To begin, Justin Long (Scott) and Tyler Labine (Lumpy) show off dramatic acting skill. Both men channel emotion and vitalize their characters, especially Labine, who steals every scene in which he appears.
Addison Timlin (Ramsey), Jess Weixler (Kristin) and Frances O’Connor (Jaime) are almost Long and Labine’s equals.
As importantly, Ramsey, Kristin, Jaime, Scott and Lumpy are well developed, complex characters. They mightn’t be three dimensional, but we care about them anyway.
Writer/director Ted Koland makes several clever choices. As a writer, he develops mystery about Lumpy’s final months and keeps Jaime layered and genuine.
As a director, he employs wide angles and establishing shots to create a firm sense of setting. When the characters are in Arizona, the desert is omnipresent, both in its beauty and intimidating vastness. When they’re in Minneapolis, skyscrapers and traffic ensure we experience their urban surroundings, and when they’re in northern Minnesota, we almost feel winter’s suffocating intensity.
Yet, Koland makes his share of mistakes, as well. The first act suffers from odd, off-putting tonal shifts. Initially, Lumpy’s death is played for laughs, to the extent that even Scott barely seems affected by his friend’s loss.
It only gets worse when Kristin inappropriately peeks at Lumpy’s corpse. Or when her mother and father are obnoxiously awkward.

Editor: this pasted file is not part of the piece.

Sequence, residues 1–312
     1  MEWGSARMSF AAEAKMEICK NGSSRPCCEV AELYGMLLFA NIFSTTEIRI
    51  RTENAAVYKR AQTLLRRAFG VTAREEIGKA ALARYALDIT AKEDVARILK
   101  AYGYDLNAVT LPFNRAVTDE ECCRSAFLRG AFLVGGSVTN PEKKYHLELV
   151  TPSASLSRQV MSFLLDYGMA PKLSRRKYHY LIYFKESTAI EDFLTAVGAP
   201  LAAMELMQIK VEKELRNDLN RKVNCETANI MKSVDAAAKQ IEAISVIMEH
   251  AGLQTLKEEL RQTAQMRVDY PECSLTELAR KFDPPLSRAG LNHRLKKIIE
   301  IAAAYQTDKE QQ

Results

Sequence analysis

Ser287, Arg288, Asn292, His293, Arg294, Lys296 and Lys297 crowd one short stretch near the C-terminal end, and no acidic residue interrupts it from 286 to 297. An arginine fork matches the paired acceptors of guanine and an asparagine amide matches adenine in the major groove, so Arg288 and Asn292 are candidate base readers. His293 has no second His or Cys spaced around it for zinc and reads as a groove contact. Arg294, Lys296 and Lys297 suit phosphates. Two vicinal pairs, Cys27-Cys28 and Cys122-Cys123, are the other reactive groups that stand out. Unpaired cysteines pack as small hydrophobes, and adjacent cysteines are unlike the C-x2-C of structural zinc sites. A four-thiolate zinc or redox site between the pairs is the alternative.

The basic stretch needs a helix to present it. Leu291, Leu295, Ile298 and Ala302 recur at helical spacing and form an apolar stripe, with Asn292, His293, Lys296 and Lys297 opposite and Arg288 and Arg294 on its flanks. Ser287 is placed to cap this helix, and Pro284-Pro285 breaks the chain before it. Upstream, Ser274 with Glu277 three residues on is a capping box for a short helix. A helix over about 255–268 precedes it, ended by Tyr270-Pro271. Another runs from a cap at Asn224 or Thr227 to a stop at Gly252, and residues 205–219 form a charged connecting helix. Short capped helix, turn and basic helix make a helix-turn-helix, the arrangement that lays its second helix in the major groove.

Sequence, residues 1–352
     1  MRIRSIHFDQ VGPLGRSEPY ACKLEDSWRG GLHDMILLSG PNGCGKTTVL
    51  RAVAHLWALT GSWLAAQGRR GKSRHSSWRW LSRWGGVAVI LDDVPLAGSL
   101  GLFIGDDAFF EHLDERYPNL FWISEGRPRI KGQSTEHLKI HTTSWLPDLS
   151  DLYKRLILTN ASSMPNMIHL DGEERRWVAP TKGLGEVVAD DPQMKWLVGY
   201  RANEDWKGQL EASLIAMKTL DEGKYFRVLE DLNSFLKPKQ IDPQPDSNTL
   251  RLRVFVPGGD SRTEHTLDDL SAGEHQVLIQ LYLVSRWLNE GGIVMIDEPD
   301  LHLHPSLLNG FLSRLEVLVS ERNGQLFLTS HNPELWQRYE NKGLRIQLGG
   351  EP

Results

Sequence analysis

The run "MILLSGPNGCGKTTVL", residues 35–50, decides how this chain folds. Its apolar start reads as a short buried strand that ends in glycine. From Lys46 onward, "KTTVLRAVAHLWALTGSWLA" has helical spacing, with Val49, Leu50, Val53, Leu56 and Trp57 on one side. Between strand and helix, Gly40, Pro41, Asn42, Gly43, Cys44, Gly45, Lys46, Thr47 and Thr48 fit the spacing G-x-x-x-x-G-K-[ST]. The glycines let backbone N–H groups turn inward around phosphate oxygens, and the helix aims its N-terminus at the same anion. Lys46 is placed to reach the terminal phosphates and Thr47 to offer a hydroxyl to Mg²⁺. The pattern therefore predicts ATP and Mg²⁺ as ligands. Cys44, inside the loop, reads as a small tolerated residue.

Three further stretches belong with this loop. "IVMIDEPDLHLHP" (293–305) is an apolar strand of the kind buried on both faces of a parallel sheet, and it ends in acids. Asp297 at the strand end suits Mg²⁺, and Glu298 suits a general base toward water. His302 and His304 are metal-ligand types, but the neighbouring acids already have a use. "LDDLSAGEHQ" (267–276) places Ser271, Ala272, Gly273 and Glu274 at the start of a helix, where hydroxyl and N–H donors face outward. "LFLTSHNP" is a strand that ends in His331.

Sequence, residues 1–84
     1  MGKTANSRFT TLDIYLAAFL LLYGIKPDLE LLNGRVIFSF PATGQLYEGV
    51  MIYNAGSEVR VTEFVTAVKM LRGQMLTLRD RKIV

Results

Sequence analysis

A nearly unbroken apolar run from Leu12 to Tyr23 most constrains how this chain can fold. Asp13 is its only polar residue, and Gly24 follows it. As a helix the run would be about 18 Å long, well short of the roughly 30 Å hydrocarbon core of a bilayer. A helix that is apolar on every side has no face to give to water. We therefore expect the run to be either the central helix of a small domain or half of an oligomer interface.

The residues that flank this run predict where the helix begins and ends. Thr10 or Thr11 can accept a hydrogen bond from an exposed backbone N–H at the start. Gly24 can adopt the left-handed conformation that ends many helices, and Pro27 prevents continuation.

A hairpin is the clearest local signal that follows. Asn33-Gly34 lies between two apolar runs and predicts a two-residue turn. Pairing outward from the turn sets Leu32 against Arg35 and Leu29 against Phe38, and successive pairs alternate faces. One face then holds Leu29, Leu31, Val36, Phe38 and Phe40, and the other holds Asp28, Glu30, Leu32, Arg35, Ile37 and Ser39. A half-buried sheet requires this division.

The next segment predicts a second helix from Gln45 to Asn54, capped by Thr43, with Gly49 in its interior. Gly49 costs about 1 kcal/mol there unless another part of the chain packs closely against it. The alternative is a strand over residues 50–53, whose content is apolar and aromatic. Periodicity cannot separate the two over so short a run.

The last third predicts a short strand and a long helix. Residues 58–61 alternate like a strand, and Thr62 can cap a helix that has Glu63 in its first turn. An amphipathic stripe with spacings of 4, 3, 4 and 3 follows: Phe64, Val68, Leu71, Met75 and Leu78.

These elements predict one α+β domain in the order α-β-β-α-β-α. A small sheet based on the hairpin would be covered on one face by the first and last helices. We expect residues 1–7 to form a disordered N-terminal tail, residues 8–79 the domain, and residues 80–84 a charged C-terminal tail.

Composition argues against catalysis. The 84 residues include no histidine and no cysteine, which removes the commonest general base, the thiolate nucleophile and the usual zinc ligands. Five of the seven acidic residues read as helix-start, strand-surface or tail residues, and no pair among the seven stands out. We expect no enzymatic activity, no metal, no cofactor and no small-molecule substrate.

As problematically, in the early stages, Ramsey, her mother and Priest (Michael Landes) are melodramatic plot devices, not interesting characters.
Moreover, Koland never explains why Scott coordinates so much of Lumpy’s funeral, instead of the man’s mother, whom we eventually meet.
Yet, from the moment Scott and Kristin return to Minnesota all the way to Lumpy’s funeral, Koland almost overcomes these early mistakes. In this middle section, he focuses on his characters and gives his actors space to emote, facts that make the second act near fantastic. And plenty emotional.
But then Koland rushes Best Man Down’s conclusion, skipping over or breezing through moments of potential emotion: Jamie phoning Scott; Scott offering to help Ramsey; Ramsey talking to Scott’s boss; etc.
As much as any 2013 film, therefore, Best Man Down would have benefitted from increased running time.
If the opening and finale had equaled Best Man Down’s middle, the film would have been near remarkable. As is, it is merely average.